Opening note by Prof. David Kreamer, President of IAH at the webinar on: Groundwater, key to the Sustainable Development Goals (27/05/2021)
"The need for having sustainable groundwater is a key element in global resilience to climate change, as a shield against ecosystem loss, and as a defense against human deprivation and poverty. Groundwater is the underpinning of irrigated agriculture and energy production. It therefore supports food security and economic development. It is essential to the health of all living things. Groundwater provides drinking water to at least 50% of the global population, and worldwide, approximately 2.5 billion people depend solely on groundwater resources to satisfy their basic daily water needs (UNESCO, 2012). In these times of Covid-19, groundwater promotes hand washing in isolated rural communities.
But there is a lack of information on groundwater. Groundwater is a hidden and vulnerable resource and is not physically visible, which can make it difficult for the general population and decision-makers to connect up with the challenges affecting this resource. Appreciation of groundwater is not taught in elementary schools. Many university programs do not have hydrogeology courses in their undergraduate curricula. Many people do not know that surface water and groundwater are closely connected, that pollution of one can pollute the other, that rivers and lakes derive water from underground baseflow. Many decision makers do not know that, in drylands, slight changes in groundwater levels, due to over-pumping or climate change, can diminish or eradicate springs and wells. To paraphrase the words of Gil Stern,
“Humans are complex beings; they make deserts bloom – and springs and ecosystems die.”
Many of these vulnerable wells, springs and wetlands have been hydro-refugia and depended on, for millennia by both people and groundwater dependent ecosystems. Many people do not know that an estimated 20% of the world’s aquifers being over-exploited (Gleeson et al., 2012), leading to serious consequences such as land subsidence and saltwater intrusion (USGS, 2013). Saltwater intrusion into coastal aquifers due to rising sea-levels has been called the leading edge of climate change.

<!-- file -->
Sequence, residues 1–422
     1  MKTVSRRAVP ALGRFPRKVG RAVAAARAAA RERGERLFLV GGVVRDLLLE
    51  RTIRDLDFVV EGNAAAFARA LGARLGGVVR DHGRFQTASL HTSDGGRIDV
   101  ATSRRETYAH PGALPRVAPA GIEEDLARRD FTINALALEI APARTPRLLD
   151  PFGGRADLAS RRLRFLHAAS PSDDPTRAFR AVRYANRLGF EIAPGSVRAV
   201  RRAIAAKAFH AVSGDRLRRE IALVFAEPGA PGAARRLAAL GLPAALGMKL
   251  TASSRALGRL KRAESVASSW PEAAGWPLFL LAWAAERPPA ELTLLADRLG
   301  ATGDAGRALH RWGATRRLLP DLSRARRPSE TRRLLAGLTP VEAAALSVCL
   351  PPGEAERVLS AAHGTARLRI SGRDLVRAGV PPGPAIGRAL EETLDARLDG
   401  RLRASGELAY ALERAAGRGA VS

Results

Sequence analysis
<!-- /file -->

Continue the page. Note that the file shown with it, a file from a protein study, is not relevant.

But groundwater, wells and springs are more than this. They are more than our present-day challenges. We don’t often speak about how groundwater is linked with us in fundamental ways. This subsurface treasure is intertwined with human history, conflict, religion, art, music, in many cultures. It has inspired poetry and embodies verdant byways in the most inhospitable deserts of the world and of the human spirit.
Groundwater is much more than our present-day challenges. In ancient Greece, visitors typically stopped at the Castalian Spring near Delphi, which rests in a narrow valley between the “shining” cliffs near the Temple of Apollo. Roman poets traveled great distances to receive inspiration at the spring, as did the contestants in the precursors to the modern Olympic Games, the Pythian Games.